Wednesday, February 11, 2009

Thank You All So Much

Luke and I are now back from Holland, and I'd really like to take this oppertunity to say Thank You to everyone who contributed to our fundraiser and made our trips possible. I was deeply touched at all of the support that both my friends and family and the cycling communtiy gave to our family. I hope that there is some way that I can repay the favor to all of you because you have given us the ability to take advantage of the oppertunity of a lifetime.

As most of you know. Luke headed over to Europe two weeks earlier than I did to race in the final round of the World Cup Series in Roubaix, France. Luke had a great start, but unfortunately he was tangled up in a crash, taking him out of the lead group, on the second lap. Luke rode strongly to finish up 14th place.

On Thursday I met up with Luke at the race Hotel in Riland, Holland, which is about 12km from the race venue in Hoogerheide. The hotel was really cool. It was an old abby that was converted into a hotel. After getting settled into my room and eating lunch, everyone headed over to the race course to get an early look at the venue. At this point the course was slightly slick and it was looking like it was going to melt even more and be quite sloppy. After riding home to the hotel to eat dinner, I pretty much passed out as soon as my head hit the pillow.

7:45 came way too early when the National team coach Geoff Proctor woke us up for his trademark morning walk before breakfast. We then proceeded to eat a breakfast of bread, deli meat, and pasta. Not your typical American bacon and eggs, but there's no reason to complain. I went out early after breakfast and did some intervals, hoping to wake my legs up after the long flight. I found a really cool cobblestone road that I went down, and it continued for as far as I could see, so I eventually turned around. When I got back I ate some lunch, and then I got back in my USA clothing to take some team photos. These photos never seem to surface, but it is always mandatory that we stand out in the cold to take them. The course had changed entirely when we pre-rode it again on Friday. It was very fast and there was no mud to be seen. I was getting pretty psyched and I was completely ready to race.

Saturday morning Luke was selected for a random blood test at 7:00. Unfortunately, Luke passed out when they took his blood, which would throw anyone off their game. The split of 25 riders formed on the first lap, and with Luke starting on the 4th row, he was unable to make the front group. Luke chased hard for the whole race, and he picked off most of the riders that fell off the group. He ended up finishing 13th place, which was an incredible ride considering the circumstances.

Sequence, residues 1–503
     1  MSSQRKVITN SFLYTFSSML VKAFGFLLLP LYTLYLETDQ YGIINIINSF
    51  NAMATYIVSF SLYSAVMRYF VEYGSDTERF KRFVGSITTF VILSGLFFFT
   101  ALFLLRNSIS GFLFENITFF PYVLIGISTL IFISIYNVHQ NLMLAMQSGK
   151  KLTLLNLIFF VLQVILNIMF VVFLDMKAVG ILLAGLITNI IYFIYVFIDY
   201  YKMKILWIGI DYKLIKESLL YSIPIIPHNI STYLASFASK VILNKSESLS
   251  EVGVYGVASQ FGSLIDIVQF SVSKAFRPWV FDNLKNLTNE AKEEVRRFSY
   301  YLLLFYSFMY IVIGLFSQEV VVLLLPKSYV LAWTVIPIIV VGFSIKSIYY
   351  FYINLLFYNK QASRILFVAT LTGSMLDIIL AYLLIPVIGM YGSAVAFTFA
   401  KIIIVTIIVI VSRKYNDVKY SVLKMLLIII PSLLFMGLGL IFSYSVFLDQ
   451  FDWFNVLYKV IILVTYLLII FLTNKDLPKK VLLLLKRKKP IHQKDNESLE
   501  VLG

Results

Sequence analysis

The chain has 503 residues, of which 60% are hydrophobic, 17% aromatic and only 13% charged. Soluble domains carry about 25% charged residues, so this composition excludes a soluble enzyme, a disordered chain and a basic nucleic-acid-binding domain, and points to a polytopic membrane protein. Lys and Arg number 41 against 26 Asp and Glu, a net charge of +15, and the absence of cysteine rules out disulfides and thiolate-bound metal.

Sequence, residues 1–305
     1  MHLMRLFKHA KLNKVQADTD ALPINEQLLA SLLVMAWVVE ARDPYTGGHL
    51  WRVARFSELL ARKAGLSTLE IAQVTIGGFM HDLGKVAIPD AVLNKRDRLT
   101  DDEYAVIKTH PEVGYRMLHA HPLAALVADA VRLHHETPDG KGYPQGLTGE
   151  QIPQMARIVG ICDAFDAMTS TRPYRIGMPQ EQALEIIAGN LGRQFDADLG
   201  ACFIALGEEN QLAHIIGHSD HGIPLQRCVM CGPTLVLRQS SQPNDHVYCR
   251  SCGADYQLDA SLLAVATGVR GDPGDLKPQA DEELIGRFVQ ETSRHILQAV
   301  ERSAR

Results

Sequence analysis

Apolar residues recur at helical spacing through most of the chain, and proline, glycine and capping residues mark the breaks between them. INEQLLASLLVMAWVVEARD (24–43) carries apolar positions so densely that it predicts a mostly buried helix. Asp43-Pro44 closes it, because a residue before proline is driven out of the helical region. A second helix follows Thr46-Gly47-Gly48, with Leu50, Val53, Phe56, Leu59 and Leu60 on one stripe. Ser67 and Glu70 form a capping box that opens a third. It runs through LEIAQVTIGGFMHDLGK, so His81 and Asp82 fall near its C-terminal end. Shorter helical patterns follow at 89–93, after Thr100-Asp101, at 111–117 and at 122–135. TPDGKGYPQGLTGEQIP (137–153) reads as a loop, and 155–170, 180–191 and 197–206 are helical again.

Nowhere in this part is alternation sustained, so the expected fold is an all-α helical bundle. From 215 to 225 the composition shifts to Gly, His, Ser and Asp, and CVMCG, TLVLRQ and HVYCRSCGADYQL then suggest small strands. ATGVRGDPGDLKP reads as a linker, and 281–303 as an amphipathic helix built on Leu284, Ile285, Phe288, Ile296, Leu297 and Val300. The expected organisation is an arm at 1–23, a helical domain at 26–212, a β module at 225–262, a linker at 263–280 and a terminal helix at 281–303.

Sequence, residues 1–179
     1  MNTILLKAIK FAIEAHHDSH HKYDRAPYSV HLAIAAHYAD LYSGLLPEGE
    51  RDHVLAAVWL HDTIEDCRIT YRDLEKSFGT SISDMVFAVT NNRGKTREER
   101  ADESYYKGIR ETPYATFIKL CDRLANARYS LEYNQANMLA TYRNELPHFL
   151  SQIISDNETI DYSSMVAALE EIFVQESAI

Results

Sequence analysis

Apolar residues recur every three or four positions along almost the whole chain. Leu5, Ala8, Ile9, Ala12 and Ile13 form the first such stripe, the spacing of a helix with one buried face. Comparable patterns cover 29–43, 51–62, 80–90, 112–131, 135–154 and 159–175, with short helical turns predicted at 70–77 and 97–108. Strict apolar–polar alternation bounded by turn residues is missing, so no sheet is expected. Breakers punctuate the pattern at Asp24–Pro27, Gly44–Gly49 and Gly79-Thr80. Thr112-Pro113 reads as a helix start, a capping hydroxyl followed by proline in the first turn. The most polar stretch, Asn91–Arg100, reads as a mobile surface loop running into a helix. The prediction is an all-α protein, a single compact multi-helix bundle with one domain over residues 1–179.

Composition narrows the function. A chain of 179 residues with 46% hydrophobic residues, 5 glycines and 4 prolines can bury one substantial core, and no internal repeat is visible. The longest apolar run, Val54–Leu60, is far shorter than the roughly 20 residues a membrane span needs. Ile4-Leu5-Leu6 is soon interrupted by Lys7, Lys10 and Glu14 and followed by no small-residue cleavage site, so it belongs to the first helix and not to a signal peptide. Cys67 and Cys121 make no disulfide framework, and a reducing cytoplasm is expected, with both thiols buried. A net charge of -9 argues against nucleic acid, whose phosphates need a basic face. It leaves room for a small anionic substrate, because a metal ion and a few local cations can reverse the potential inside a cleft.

Still feeling the jet-lag I was in pretty rough shape when I woke up on Staurday, but I was so psyched to race that it didn't really matter. I started on the last row, but I was able to move my way up pretty quickly after the start. I was riding well, until I went by the pit and there was a huge pile up. I got stuck behind it and lost a lot of time. After that I couldn't find a group to get in, and on such a windy course that is basically a death sentence. I ended up finsihing by myself in 39th place, as the 3rd American finsiher. It was a bit of a dissapointment, but how often can you be completely satisfied without winning.

Sunday was a good time. We got to stick around and watch the Elite Men's race. Let me tell you, those guys are incredible. I cannot even believe how fast they were going. I was slightly dismayed when I was told that the kid who won my race was doing comparable lap times. It's crazy over there. After watching the Elite races, we headed to the airport hotel in brussels.

Luke and I woke up on Monday morning to find that our flight through London was cancelled. Apparently they can't handle a few inches of snowfall. I couldn't help but think how much snow it would take to slow down Boston, but I guess that's why New Englanders are just so amazing. Luckily, two of our travel companions had cell phone service, and we got our flight rescheduled for Tuesday. Ironically, Tuesday was a mirror image of Monday. Our flight through London had been shut down. I jumped into the Customer service line, and after being shuffled around for a while, I got our flight changed to go through Washington DC. We end up taking off ten minutes earlier than we would have going to London.

We finally touched down in Boston at 11:00 P.M. Now you would assume that this is where I leave you with the happily ever after of my tale, but the shuttle that we were supposed to take was shut down for the night, and with the road being quite treacherous with snow it seemed we were stuck for the night. We then proceeded to barricade ourselves in the corner of the International Arrivals terminal, and try to get some rest for the night. Morning came for me at 1:00, and I then entertained myself until the 6:15 shuttle in the morning with my iPod, prayers of Thanksgiving, and plenty of reading.

Talk about an adventure. This trip was absolutely amazing. Not only for the invaluable racing experince, but in every way. Everything from getting to see Luke race his last Worlds as a junior to sleeping in an airport terminal was absolutely priceless, and I just want everyone to know how incredibly grateful I am.


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